Suggested Searches

5 min read

The Institute for Ultra-Strong Composites by Computational Design (US-COMP)

Greg Odegard
Michigan Tech

STRI 2017 Ultra-Strong Compositites by Computational Design Quad Chart

The Institute for Ultra-Strong Composites by Computational Design (US-COMP)

The Institute for Ultra-Strong Composites by Computational Design (US-COMP) will serve as a focal point for partnerships between NASA, other federal agencies, industry, and academia to: (1) enable computationally-driven development of CNT-based ultra-high strength lightweight structural materials and (2) expand the resource of highly skilled scientists, engineers and technologists in this emerging field to enhance the U.S. leadership in critical lightweight structural materials.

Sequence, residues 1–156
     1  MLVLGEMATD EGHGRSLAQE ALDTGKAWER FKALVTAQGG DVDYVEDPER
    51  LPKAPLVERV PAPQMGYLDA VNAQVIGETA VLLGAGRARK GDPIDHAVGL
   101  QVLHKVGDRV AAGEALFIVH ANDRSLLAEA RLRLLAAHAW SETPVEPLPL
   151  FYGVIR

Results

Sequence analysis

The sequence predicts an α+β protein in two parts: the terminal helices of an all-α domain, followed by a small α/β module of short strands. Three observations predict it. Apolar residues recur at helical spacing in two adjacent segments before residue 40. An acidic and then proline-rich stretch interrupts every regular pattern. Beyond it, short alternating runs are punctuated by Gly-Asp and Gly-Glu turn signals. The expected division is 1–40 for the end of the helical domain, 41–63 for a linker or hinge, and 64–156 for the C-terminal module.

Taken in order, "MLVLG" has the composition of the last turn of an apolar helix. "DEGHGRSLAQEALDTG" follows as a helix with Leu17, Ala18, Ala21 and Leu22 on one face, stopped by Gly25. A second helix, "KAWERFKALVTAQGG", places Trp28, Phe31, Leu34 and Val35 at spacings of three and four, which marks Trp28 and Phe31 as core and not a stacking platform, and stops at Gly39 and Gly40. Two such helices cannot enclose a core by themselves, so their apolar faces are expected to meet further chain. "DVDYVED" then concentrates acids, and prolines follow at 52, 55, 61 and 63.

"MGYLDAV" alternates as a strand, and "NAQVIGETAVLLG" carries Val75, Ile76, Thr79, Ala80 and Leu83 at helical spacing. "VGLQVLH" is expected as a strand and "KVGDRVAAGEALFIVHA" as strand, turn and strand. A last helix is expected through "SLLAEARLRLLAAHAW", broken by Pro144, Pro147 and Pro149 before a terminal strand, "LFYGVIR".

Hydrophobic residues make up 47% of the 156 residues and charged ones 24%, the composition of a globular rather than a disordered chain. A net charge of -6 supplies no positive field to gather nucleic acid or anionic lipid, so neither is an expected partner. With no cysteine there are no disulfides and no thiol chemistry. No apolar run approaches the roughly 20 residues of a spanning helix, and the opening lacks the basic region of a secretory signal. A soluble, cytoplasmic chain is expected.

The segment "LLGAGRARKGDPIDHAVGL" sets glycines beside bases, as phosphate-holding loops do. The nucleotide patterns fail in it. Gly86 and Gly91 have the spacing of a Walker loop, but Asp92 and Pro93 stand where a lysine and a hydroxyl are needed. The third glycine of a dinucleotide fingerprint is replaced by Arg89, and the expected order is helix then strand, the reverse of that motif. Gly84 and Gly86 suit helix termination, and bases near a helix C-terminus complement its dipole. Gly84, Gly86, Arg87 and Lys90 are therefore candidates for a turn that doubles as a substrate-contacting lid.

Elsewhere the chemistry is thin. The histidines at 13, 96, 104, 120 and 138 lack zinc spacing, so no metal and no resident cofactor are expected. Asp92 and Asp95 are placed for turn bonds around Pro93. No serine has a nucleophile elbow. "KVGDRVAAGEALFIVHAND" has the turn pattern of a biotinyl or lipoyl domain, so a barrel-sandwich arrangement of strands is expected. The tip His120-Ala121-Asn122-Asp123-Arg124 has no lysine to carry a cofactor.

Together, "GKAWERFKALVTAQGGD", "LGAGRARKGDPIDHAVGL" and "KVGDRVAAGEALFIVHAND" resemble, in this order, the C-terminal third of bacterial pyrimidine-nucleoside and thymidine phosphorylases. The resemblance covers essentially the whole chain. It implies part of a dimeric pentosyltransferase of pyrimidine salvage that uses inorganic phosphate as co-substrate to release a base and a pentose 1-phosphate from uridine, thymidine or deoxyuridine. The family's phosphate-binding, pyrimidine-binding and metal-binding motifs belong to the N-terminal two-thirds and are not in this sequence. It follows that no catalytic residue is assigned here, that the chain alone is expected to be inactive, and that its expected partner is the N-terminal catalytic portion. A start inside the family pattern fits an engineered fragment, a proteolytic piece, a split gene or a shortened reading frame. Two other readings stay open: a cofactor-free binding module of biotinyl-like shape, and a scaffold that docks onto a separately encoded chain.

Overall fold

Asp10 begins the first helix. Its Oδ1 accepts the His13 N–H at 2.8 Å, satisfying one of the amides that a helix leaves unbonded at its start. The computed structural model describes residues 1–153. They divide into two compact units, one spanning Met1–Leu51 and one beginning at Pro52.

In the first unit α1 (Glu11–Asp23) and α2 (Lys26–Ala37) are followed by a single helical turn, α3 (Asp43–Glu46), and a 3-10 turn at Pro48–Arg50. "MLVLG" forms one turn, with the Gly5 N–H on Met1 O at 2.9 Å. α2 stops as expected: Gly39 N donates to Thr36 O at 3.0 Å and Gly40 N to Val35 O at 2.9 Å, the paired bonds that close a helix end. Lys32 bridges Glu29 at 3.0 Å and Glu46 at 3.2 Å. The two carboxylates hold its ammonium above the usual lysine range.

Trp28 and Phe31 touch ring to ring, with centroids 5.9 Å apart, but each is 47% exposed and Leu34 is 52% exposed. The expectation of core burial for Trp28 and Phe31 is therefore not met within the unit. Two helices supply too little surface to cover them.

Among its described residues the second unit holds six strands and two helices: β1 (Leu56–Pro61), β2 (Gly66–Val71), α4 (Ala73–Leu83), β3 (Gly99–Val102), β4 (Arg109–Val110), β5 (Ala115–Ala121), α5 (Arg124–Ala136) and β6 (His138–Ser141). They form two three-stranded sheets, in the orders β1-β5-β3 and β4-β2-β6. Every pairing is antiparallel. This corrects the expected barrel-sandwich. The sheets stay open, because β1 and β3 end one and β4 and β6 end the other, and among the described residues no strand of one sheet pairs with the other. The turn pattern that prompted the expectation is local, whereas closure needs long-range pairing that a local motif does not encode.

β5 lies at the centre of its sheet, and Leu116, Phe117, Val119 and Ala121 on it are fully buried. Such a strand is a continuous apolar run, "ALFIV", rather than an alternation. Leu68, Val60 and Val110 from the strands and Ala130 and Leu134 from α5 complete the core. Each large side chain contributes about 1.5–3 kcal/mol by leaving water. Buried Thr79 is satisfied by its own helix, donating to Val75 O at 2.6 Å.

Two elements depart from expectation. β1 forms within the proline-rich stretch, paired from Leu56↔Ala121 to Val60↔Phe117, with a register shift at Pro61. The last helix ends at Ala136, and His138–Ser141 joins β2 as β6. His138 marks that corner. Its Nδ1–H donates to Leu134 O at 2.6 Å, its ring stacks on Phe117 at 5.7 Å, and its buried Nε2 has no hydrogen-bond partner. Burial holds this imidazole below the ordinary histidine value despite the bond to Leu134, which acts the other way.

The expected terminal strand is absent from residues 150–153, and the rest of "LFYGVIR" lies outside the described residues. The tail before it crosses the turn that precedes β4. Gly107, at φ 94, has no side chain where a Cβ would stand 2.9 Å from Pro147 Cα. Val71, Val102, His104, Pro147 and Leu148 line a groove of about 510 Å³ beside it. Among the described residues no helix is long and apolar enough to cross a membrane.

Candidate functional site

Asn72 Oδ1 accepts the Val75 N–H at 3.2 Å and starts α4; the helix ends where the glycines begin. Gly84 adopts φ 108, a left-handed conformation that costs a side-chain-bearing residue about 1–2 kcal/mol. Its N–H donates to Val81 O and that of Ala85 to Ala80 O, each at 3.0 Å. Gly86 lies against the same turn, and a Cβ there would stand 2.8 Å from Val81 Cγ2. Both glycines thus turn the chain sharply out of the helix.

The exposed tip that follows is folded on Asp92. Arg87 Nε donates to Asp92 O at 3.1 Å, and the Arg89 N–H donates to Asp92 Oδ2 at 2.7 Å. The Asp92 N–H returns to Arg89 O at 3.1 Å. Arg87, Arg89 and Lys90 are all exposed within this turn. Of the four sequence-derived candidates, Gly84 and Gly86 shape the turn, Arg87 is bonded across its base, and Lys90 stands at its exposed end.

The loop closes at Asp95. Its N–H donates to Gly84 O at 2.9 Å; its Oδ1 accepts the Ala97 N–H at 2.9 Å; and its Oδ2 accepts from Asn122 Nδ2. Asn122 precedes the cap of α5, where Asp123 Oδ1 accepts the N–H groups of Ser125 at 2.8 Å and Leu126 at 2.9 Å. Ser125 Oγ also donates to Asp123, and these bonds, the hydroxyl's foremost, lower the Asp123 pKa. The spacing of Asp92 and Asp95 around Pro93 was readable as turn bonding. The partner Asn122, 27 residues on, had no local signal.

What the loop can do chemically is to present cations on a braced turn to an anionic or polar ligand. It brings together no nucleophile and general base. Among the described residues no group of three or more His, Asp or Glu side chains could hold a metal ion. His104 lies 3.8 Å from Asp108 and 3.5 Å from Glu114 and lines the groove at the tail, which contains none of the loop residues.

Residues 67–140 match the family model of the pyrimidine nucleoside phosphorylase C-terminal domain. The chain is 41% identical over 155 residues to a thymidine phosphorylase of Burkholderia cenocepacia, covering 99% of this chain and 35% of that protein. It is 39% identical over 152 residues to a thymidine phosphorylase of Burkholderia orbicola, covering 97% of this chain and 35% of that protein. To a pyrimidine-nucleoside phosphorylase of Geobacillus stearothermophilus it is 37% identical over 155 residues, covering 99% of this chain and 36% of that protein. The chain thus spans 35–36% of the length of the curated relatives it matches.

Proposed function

As NASA strives to extend human exploration to Mars and beyond, material performance requirements increase dramatically relative to those of the current state of the art (SOA). To transport, land and support humans on Mars will require materials with significantly increased performance-to-weight ratios compared to current carbon fiber (CF) composites (CFRPs) or metallic alloys. Thus, new ultra-high strength lightweight (UHSL) materials must be developed. Breakthroughs and rapid progress in nanomaterial research over the past two decades offer new opportunities to explore and develop UHSL materials to go beyond the SOA CFRPs. Compared to the SOA high-strength CF, such as T1100GC from Toray and IM10 from Hexcel with tensile strengths, moduli and failure strains up to 6.9 GPa, 324 GPa and 2%, respectively, individual carbon nanotubes (CNTs) with molecular perfection and low density can provide up to a 200 GPa tensile strength, 1,400 GPa modulus, and 20% failure strain, which make them ideal candidates for developing lightweight UHSL materials. Largely due to the investment in the U.S. National Nanotechnology Initiative, we now understand the fundamental structure-property relationship of CNTs and have successfully demonstrated that the structural properties of CNT yarns and nanocomposites from small test samples are comparable to current CF and CFRP materials. For instance, NASA researchers have developed CNT composite overwrapped pressure vessels to make sizable parts that demonstrate a ring specimen failure load increase of 200% with only 11% weight penalty. Deep space exploration will require a material performance-to-weight ratio of at least 2-3 fold over current CFRPs. This necessitates a fundamental understanding of how to optimize multiscale load transfer in CNT assemblages as well as the computationally guided development of novel hierarchical composites and enabling manufacturing processes to achieve the UHSL requirement 2-3 times higher than SOA CFRPs and CNT nanocomposites. US-COMP will move CNT composite technology from a TRL of 1 to 4, culminating in laboratory-scale tests of UHSL panels. The institute will capitalize on its expertise and existing partnerships to facilitate UHSL materials development, strengthen NASA’s ties to the academic community and key industrial partners, and train a new generation of materials researchers.